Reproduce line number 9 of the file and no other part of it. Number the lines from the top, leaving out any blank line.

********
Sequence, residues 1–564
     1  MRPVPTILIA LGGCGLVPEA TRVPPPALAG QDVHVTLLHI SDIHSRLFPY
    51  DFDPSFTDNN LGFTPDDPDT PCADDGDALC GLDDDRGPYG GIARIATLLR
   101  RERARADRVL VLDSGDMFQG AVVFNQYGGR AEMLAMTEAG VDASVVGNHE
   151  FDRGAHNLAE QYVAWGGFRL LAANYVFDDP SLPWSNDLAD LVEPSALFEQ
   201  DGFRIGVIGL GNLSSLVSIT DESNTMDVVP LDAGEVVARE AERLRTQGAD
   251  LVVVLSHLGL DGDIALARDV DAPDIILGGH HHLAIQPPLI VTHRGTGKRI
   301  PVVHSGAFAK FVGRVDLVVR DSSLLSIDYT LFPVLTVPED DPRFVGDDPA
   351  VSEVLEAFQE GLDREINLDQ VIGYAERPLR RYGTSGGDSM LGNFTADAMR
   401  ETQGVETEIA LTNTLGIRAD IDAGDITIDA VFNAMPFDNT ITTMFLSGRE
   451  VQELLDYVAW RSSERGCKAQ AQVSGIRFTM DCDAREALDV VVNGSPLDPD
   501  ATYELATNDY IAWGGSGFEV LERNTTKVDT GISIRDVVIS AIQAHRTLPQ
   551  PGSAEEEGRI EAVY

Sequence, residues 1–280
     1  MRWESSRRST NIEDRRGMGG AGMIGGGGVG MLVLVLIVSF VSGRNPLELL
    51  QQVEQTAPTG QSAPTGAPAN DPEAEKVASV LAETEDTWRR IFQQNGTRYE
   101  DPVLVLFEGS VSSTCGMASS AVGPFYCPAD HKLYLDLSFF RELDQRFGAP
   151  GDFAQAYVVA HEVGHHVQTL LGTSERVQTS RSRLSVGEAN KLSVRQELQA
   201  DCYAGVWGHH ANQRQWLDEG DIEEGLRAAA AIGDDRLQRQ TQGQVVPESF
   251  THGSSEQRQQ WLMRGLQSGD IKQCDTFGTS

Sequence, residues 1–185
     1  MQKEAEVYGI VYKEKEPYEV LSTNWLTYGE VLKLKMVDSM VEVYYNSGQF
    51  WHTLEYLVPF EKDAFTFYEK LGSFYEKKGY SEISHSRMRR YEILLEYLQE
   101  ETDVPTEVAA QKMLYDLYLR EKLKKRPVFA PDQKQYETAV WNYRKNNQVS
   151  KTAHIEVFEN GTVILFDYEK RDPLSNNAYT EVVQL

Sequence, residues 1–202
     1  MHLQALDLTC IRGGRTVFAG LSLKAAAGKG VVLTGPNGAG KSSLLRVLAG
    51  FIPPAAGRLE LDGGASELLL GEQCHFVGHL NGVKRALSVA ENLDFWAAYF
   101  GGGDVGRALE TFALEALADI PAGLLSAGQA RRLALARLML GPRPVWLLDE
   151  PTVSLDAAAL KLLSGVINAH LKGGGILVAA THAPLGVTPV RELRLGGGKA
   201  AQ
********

   351  VSEVLEAFQE GLDREINLDQ VIGYAERPLR RYGTSGGDSM LGNFTADAMR